As project timelines can extend from as short as 12 months up to 36 months, integrators are using other software tools and resources as well, specifically for those who do not have CE's in place, to guide them in effectively managing a project from start to finish.
Microsoft Project, (MSP) a software tool common to the integrator community, is designed to track project progress, assist project managers in developing plans and managing budgets and workloads.
"We use Microsoft Project for our timelines and our management and then we have a whole myriad of internal processes and procedures and toolsets that our project management staff and project development people are given and trained on," explained Richard Seferian, regional major project sales manager, Johnson Controls, Glendale, Wis.
The AIM Toolbox from Johnson Controls has an estimating tool in it and features Visio engineering tools that allow us to do control drawings; stencils for all the different types of points, on everything from RFPs to RFI documents, Seferian continued.
SimplexGrinnell continues to update their customers on new technologies in the industry through their "Learn from the Leader" program, a webinar series they have been conducting for the past one and a half years, which pulls all SimplexGrinnell customers together to talk about key topics of interest.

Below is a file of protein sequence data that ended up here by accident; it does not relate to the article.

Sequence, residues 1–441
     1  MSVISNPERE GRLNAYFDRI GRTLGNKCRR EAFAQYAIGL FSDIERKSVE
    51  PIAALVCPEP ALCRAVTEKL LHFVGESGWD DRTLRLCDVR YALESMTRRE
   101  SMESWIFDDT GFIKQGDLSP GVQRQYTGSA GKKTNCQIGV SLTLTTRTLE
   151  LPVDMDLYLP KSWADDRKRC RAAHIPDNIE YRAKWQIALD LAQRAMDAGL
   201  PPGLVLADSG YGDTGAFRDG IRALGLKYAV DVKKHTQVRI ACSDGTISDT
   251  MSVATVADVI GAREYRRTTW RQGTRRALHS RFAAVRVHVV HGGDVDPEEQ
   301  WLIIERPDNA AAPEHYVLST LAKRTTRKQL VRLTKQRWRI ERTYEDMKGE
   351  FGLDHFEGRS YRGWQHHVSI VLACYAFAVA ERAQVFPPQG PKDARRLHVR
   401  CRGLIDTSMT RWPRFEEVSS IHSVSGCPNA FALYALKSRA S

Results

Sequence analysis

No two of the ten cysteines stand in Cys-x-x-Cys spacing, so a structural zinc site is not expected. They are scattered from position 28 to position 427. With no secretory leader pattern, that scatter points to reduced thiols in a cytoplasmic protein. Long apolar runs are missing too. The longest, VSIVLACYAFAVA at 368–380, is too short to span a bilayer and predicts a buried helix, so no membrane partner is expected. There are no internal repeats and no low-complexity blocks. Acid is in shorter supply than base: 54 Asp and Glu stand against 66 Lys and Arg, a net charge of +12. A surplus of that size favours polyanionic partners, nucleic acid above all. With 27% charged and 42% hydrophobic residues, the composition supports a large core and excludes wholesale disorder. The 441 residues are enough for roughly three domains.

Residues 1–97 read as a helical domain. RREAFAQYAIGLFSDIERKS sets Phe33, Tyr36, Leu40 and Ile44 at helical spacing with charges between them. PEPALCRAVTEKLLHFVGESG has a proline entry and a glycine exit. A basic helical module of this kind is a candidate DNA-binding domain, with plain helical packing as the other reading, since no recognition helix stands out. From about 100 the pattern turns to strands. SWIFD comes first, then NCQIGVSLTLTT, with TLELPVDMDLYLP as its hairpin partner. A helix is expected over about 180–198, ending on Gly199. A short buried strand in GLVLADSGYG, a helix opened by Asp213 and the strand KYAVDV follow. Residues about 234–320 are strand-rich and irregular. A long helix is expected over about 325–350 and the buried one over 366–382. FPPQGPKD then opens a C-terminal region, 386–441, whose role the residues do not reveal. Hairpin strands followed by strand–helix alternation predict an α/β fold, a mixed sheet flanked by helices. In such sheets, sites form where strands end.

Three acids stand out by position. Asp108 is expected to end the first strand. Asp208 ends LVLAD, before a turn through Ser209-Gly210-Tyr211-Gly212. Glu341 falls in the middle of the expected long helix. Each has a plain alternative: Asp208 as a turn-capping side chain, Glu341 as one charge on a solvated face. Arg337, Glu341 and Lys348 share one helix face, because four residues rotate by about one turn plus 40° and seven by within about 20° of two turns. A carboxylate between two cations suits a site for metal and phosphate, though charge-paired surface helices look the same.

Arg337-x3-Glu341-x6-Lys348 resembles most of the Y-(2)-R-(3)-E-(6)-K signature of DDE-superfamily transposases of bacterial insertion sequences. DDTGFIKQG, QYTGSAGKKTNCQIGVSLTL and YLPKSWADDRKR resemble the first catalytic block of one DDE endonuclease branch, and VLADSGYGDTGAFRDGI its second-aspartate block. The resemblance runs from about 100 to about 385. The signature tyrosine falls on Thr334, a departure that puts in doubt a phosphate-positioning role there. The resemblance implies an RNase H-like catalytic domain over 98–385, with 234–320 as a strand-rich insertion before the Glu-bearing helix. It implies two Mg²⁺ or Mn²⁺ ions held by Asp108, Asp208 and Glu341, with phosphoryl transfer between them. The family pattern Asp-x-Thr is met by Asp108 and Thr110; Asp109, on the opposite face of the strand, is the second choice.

"The other benefit of this program is we do issue a certificate of participation to all who attend and a lot of folks use that as leverage to get CEU credit," added Chris Woodcock, director of Communications, SimplexGrinnell.
The Primavera Enterprise Project Portfolio Management from Oracle is another software tool focused exclusively on helping project-intensive businesses manage their entire project portfolio lifecycle, including projects of all sizes.
Many integrators continue to offer their own internal tools and resources to an end-user during the installation phase, from standard pricing to comprehensive tools for designing and distributing electronic drawings to in-house guides for developing proposals, yet for others it is as simple as using everyday communications available.
"All that said I would imagine the three most important communication tools we have are your phone, e-mail and face-to-face meetings," said Bill Robertson, manager of Project Controls, Emerson Process Management, Austin, Texas. "That's where your most important work is done- the rest is just a way to track it and manage it."
UTILIZING SOFTWARE TOOLS
Integrators share their secrets on what tools and resources they implement for more effective project management.
- Converged Centers of Excellence (CCE)
- Primavera SureTrak(tm)
- Microsoft Project(tm)
- Standard tools for designing and distributing electronic drawings
- Tools for project proposal development
- Scheduling tools
- Open Workbench(tm) (OWB)
- Clarity Systems(tm) software solutions
- E-Services platform
- Online inventory tools
- AutoCAD(tm) (drawing tools)
- Microsoft Visio(tm) (for early concept design and process flow illustration)
- Design Narrative
- Chemical Security Assessment Tool (CSAT)
- API/CCPS methodology for petrochemical industry
- Excel (custom template design)